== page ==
Has Reserve Bank of India got its exchange rate strategy wrong?
The surge in India’s forex reserves does not appear excessive when compared to historical trends in foreign exchange accumulation
The steady appreciation of the Indian rupee this year has led to fears that Indian exports have been priced out of global markets. Three of the four measures of the real effective exchange rate (REER) tracked by the Reserve Bank of India (RBI) show that the rupee is grossly overvalued.
Another group of critics makes exactly the opposite point. The build-up of forex reserves shows that RBI has been intervening too heavily in the foreign exchange market to keep the rupee down, they argue. A central bank committed to an inflation target should not be so focused on managing the exchange rate.
The Indian central bank thus finds itself trapped in a pincer—between those who accuse it of allowing the rupee to appreciate too much and those who insist that it is too focused on keeping the rupee down.
Has India got its exchange rate policy all wrong?
A comparison with what other large emerging market economies have done over the past year offers some important clues. The data on percentage changes in REER is taken from the Bank for International Settlements so that comparisons across countries are possible. Most peers among the emerging markets have seen their REERs go up over the past year because of the dollar slump. India is somewhere in the middle of the pack. REER is the weighted average of a country’s currency relative to an index or basket of other major currencies, adjusted for the effects of inflation.
The data on the percentage increase in foreign exchange reserves tells us something quite different. India has accumulated more foreign exchange reserves than most of its peers. The question is why it has done so, an issue that is taken up later in this article.
Does the rapid increase in reserves make India a currency manipulator? This is an important question given the strong signals emanating from the Donald Trump administration that the US could get into trade wars with countries that have been manipulating their currency to capture markets. China is the prime target, but all emerging market countries need to worry.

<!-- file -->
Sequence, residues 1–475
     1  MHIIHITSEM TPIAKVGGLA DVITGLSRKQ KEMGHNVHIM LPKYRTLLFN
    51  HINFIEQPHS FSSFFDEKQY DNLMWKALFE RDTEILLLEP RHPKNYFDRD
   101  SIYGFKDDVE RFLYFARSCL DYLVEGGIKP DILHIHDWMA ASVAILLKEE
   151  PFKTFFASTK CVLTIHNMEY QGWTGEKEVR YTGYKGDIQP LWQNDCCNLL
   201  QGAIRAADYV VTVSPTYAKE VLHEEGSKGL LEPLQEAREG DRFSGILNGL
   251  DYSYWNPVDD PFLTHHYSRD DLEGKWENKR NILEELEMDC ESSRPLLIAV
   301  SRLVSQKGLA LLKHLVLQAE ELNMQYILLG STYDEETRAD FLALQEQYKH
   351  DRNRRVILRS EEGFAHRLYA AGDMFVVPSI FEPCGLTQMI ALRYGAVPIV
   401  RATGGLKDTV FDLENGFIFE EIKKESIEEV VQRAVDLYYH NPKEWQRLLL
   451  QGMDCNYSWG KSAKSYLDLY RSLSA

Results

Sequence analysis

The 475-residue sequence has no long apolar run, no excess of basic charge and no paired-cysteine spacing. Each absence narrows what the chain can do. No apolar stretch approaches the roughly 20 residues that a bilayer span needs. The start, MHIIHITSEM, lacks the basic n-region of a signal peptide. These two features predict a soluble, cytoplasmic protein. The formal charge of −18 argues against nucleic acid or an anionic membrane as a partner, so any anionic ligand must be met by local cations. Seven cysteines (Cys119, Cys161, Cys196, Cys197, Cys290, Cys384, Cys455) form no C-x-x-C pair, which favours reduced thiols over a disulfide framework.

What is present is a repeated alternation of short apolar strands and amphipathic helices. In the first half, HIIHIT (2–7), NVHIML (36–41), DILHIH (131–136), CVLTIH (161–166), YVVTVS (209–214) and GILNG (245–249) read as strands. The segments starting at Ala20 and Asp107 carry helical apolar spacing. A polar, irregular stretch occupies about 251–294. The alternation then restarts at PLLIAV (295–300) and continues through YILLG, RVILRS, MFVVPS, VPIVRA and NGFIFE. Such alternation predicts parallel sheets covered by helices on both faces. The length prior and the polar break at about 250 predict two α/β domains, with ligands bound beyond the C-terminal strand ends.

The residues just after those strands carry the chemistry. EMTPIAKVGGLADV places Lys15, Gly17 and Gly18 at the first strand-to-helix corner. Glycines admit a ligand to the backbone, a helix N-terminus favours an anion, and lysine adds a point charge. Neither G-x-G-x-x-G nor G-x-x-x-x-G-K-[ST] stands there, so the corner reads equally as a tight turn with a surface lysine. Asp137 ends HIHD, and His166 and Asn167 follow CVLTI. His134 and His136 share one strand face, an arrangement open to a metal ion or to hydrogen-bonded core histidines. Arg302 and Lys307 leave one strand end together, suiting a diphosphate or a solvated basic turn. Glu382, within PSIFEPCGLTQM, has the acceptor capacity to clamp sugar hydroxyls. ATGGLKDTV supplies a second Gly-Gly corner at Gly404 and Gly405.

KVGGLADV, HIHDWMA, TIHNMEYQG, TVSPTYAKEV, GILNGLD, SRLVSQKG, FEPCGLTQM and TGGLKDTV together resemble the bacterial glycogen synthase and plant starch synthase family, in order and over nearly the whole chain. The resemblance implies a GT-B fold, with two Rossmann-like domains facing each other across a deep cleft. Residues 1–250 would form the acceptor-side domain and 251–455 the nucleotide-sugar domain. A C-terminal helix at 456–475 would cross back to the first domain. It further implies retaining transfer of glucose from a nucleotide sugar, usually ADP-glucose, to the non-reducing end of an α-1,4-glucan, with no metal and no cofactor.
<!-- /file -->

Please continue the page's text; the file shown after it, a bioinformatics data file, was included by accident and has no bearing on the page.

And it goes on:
The chart below does not show a strong correlation between reserves accumulation and currency movements. The case against currency manipulation would be stronger if there was a clear negative correlation – or if those countries that intervened most heavily in the foreign exchange market by buying dollars would also be the ones that saw minimal exchange rate appreciation, or vice versa.
Reserve accumulation by the RBI has tended to move in tandem with net capital inflows into the Indian economy. The chart below shows that the two move in tandem --- especially during extreme quarters. However, the correlation coefficient (a measure of how closely two variables move in tandem, taking values between 0 and 1) between the two is 0.45. This roughly suggests that movements in foreign portfolio investment (FPI) inflows account for only about half of the increase or decrease in forex reserves.
The amount of dollars the RBI buys in any quarter also depends on other factors such as the quarterly trade deficit or the domestic liquidity situation or the ability of the central bank to conduct open market operations to sterilize its foreign exchange intervention.
The final question: Has the RBI got excess foreign exchange in its kitty? Any country needs foreign exchange reserves as insurance against unexpected global shocks. But there are also fiscal costs involved since sterilized intervention in the foreign exchange market in effect means swapping high-yielding domestic securities for low-yielding foreign securities.
There are three common ways to assess the adequacy of reserves – in terms of how many months of imports they cover, their size with respect to short-term foreign debt that needs to be redeemed within a year, and as a proportion of the stock of broad money in the economy. The third measure has not been considered here since money supply plummeted in fiscal year 2017 because of demonetization. The other two measures – import cover and short-term debt cover – do not suggest that the size of the reserves at this point of time is out of sync with what India has had over the past decade. However, the forward contracts that the RBI has been entering into to buy dollars in the future have not been taken into account.
India has seen rapid reserves accumulation previously as well – at the turn of the century when Bimal Jalan was RBI governor, in the quarters preceding the financial crisis when Y.V. Reddy had to ensure that capital inflows did not overwhelm domestic monetary policy, and now over the past three years when Raghuram Rajan followed by Urjit Patel have been in charge. Such episodes generate the same dilemmas. Should the currency be allowed to appreciate? Should the central bank step in to prevent exports becoming uncompetitive? To what extent should it worry about foreign exchange intervention creating domestic excess liquidity problems? Should it put up temporary capital controls?
The answers are never easy.
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